In the first Kingsman movie, 2015’s Kingsman: The Secret Service, Samuel L. Jackson clearly relished an against-type performance as a genius teach-head with a lisp, and a fashion sense somewhere between golf club and ghetto. His character’s provision of free data and SIM cards for everybody in the world was not so much a matter of philanthropy – rather, a nefarious, Zuckerberg-meets-Bond-villain plan to cull the human race en masse.
In the sequel, Kingsman: The Golden Circle, the role of the kooky finger-tenting villain goes to Julianne Moore. She plays Poppy, a genius, ultra successful drug baron whose product is popular the world over. She has also spiked her own supply and is withholding the antidote, as part of a evil plan to solidify her power: an Escobarian 007 villain, with a freaky-deaky, take-the-world, psychopathic CEO glint in her eyes.
You could argue returning writer/director Matthew Vaughn and co-writer Jane Goldman (adapting the comic book The Secret Service) are repeating themselves a little – at least, recycling elements of their pinky-finger-in-mouth baddies. Perhaps the salient point is that both villains, and by turn both films, deal with opiates of the masses, reflecting societies where people who are distracted by the lure of sweet stimulus pay the price in horrible ways.
The Kingsman films themselves, stimulus-wise, are high-powered and blinged to the hilt, with a lickety-split pace youngsters might expect of action movies these days – and an amount of visual invention they may not. Both the speed and inventiveness increase in Kingsman: The Golden Circle, resulting in a zanily entertaining popcorn flick that makes a habit of distracting viewers from its own achievements.
Poppy’s secret hideout is a tiny faux town she erected in her own honour, hugging the edge of a minefield-rigged patch of Colombian rain forest. It looks like like a studio backlot, styled on the likes of Happy Days or Grease, i.e. retro hamburger Americana – replete with diner, clothes shop, bowling alley and cinema.
I cannot recall a villain’s lair I enjoyed so much and wanted to return to so often.
In that cinema an enslaved Elton John, in fluffy rainbow-coloured garb, looking like a wonderful plump peacock, performs on command while robot dogs patrol the grounds. I cannot recall a villain’s lair I enjoyed so much and wanted to return to so often, at least since Breaking Bad‘s Los Pollos Hermanos (both the restaurant and the underground meth lab).
Moore steals the spotlight, though I suppose at this point in the review I should mention the protagonist. Eggsy Unwin (Taron Egerton) is, for those unaware, part of an ultra secretive British intelligence agency that shares its name with – and is located beneath – a fancy clothes store.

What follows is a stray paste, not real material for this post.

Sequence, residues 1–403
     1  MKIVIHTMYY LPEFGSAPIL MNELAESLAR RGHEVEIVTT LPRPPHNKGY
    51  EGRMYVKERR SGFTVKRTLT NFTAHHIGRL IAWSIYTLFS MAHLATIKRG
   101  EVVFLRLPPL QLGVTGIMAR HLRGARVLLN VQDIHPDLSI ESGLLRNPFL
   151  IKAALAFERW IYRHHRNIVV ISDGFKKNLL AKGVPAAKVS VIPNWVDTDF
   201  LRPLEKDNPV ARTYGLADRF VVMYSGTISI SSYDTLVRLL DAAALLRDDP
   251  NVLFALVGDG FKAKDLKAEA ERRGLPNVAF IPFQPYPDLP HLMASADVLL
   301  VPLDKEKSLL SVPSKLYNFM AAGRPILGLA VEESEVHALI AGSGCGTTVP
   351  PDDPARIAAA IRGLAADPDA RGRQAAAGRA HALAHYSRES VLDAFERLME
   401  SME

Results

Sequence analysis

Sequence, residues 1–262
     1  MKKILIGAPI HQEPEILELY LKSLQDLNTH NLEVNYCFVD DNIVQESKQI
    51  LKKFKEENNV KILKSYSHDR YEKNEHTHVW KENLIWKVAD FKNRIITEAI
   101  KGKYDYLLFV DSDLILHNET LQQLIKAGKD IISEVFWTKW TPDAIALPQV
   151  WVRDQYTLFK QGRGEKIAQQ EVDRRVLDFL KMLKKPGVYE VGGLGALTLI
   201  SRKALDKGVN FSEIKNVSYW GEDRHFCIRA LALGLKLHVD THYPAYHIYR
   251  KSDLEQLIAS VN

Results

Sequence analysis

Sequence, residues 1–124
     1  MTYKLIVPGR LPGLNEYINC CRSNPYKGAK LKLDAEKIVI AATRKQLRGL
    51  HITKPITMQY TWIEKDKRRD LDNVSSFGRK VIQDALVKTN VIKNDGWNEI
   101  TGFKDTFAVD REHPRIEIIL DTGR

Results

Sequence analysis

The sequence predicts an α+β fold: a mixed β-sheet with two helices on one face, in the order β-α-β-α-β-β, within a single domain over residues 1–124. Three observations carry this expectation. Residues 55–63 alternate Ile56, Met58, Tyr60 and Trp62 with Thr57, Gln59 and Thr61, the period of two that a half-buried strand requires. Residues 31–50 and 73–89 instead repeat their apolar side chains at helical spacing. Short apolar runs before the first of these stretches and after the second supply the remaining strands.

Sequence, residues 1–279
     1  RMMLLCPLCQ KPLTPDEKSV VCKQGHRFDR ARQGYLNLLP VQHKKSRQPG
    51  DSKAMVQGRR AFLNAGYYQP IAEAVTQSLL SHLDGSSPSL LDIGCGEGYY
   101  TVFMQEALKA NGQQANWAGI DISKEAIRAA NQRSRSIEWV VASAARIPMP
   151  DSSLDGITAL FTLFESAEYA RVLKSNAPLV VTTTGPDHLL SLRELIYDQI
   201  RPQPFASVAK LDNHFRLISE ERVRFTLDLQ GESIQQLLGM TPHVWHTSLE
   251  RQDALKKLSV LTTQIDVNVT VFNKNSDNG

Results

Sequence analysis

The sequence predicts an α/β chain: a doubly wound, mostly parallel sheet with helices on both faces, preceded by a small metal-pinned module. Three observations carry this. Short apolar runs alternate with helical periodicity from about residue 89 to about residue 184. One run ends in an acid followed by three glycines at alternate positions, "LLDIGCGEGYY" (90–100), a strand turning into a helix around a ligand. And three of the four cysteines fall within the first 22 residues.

He earned entry to this IMF, MI6, debonair secret service-esque clique through a series of tournament and escape room style challenges in The Golden Circle’s predecessor. This is where, as his mentor Harry Hart (Colin Firth) puts it, before locking the door of a pub and belting the crap out of ruffians, “manners maketh the man”.
Kingsman is a sort of rags to riches story, Eggsy graduating from the Irish lower class to become the smoking jacket, debonair type, in line to marry the Princess of Sweden (Hanna Alström). There is a note of Grimsby about it; spy satire itself rendered as a sign of absurd privilege. Mark Strong co-stars in both, on each side of the pecking order (affluent in Grimsby, working class in Kingsman). His bellowing with-a-bang rendition of Take Me Home, Country Roads is a highlight.
Golden Circle is a film, even more than its predecessor, about fantasies men-children wish were true. That clothes and whiskey companies are secretly, awfully important. That having an affair could save the world. That a wise mentor will arrive at the right time, offering sage advice and a finely configured cocktail. That adult life is an extension of those moments when, as kids, we grabbed rubbish bin lids and pretended they were shields. In Kingsman umbrellas do the job, and glasses become augmented reality-enabled spy tools.
There is no shortage of style and aplomb, though you’ll have to pay attention to absorb it.
A supporting cast of famous faces – including Channing Tatum, Halle Berry and Jeff Bridges – are largely under-used, if not wasted in The Golden Circle (although Tatum has fun playing a Southern American spy masquerading as a whisky distiller). This is because Vaughn, one of the more interesting directors of superhero movies (he also helmed Kick-Ass and X-Men: First Class) views them as human special effects: just another portion of the frame to muck around with in the editing room.
The Golden Circle is overlong, losing its litheness with a chubby 141 minute running time. James Bond satire is now also very familiar, from Austin Powers to the cartoonish, gibbering 007 movies themselves – i.e. Die Another Day. But Vaughn retains elbow room for outside-the-square messages, including a commentary on political machinations and the war on drugs, synthesised into one gloriously grisly dystopian image: hundreds of people in single person cages stacked on top of each other in sports stadiums.
The film is also visually interesting. Lord knows how long it took to create all the embellishments that come and go in a heartbeat, such as a crafty transition morphing from a close-up of a bag of grass to an overhead shot of Colombian rainforest. There is no shortage of style and aplomb, though you’ll have to pay attention to absorb it: the editing throws everything – even and especially the film’s greatest assets – into a blender.
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